How Climate Change is Impacting Outdoor Recreation in Colorado


The ideal time to get outdoors in Colorado? All the time. No matter the season, the mountains, wilderness areas, national and state parks, lakes and rivers beckon those looking for unparalleled scenic beauty and adventure. Backpacking, skiing, fishing, dog sledding, kayaking, rock climbing and biking––just to name a few––are all part of the year-round Colorado outdoor playgrounds. The state obviously has a very special ecosystem, but our warming climate is transforming this environment.


Because of climate change, Colorado is one of the fastest-warming states in the country. The state’s average temperatures are expected to be one-and-a-half to two times greater than global averages looking forward. As most outdoor enthusiasts know, higher temperatures can mean more risk of exhaustion and other heat-related health issues and aggravate other conditions like respiratory issues and heart disease.

Rising temperatures may also degrade air quality by increasing the formation of ground-level ozone, a key component of smog. This may be problematic in areas such as Metropolitan Denver and the North Front Range, which struggle to meet the national ozone standards. 

Extreme heat index days––when heat and humidity make it difficult for the body to cool itself off ––have been increasing in Colorado. Athletes and anyone else practicing outdoor activities are especially vulnerable to illness and even death resulting from heat stress. And the number of heat index days is only growing as climate change continues to worsen, making our ability to play outdoors harder.


The mountains of Colorado receive nearly half of their annual precipitation in the form of snow. Regular, consistent snowfall is what powers the state’s ski season and fill cool mountain springs with water for farms and residents. Unfortunately, most projections for Colorado’s spring snowpack show declines for the mid-twenty-first century due to the projected warming, leading to a ripple effect on the water supply. The timing of snowmelt and peak runoff is already shifting to occur earlier in the spring and studies show Colorado winters have been shortened by one to four weeks as compared to the long-term average over the past 30 years.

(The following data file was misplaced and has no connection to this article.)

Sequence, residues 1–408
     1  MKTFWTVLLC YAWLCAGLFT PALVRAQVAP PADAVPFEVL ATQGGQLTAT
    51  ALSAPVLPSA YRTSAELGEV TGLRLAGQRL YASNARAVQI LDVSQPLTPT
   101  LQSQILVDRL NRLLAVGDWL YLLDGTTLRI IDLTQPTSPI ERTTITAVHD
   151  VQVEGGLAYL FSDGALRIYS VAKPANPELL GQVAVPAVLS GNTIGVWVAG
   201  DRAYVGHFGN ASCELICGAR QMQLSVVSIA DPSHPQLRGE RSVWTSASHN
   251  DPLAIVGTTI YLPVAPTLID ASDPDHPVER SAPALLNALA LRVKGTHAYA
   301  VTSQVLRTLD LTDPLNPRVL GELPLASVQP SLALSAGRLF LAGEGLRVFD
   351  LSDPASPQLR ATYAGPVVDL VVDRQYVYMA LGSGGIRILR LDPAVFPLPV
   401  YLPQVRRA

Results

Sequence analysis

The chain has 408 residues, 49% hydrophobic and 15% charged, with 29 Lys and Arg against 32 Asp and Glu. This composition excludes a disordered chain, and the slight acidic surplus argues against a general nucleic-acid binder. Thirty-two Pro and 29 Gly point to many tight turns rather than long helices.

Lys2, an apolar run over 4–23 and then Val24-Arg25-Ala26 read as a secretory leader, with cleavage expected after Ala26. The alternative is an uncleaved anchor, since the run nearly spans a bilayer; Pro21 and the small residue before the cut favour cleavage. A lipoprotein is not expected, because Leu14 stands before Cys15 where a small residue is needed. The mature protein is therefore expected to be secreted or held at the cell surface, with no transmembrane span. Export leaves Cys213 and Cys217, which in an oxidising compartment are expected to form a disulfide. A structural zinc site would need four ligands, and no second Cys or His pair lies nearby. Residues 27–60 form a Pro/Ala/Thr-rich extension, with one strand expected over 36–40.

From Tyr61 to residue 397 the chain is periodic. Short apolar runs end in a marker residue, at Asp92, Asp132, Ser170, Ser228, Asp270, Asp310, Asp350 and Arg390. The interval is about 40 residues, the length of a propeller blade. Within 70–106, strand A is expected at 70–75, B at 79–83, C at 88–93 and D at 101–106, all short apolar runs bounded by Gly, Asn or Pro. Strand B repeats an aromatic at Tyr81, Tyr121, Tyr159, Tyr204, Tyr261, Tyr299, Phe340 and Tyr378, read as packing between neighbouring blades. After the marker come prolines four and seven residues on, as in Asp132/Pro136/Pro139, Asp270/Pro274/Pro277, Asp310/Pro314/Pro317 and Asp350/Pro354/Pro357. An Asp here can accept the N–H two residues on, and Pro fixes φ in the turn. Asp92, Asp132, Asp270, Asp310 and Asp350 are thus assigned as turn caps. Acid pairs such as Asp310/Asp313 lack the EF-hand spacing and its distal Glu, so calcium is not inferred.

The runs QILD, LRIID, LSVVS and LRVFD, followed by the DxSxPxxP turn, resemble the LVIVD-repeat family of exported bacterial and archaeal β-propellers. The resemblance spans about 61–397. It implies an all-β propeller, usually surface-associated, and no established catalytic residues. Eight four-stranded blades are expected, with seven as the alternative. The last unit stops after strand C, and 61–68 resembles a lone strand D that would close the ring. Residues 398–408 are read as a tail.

Shorter, warmer winters are worrying for enthusiasts that enjoy ice climbing, snowboarding and skiing. Ice climbing routes at popular local spots like Silver Cascade are getting more unpredictable. Along with shortening the season to enjoy winter sports, a warming world threatens Colorado’s outdoor businesses, ski companies and colleges that have traditionally emphasized outdoor education and recreation.


Warming temperatures and dry conditions being driven by our changing climate may also increase the frequency and extent of wildfires across the Rocky Mountains. Earlier snowmelt is creating forests are potentially drier for longer periods of time. And warmer and drier conditions are also making wildlands more susceptible to pests. Dry conditions, longer fire seasons, and pest infestations are all making for more frequent, larger, and intense wildfires.

As greater amounts of our forests are lost to wildfires, outdoor enthusiasts will have fewer trails, crags, and lakes to enjoy. And more frequent wildfires means particulate air pollution will make it more uncomfortable to breathe when we are hiking, kayaking, or mountain biking.

Help protect Colorado from climate change

Whether you ski the slopes of Colorado or fish the streams of Maine, our favorite lakes, trails and lines are at risk. That’s why it’s important to take your passion for the outdoors and turn it into action. You can help stand for everyone’s playgrounds by joining the Outdoor State. When you do, you’ll be first in line to hear about ways to take action to protect our outdoor playgrounds, and get access to tons of special content including inspiring videos, educational materials, and ideas for enjoying the outdoors.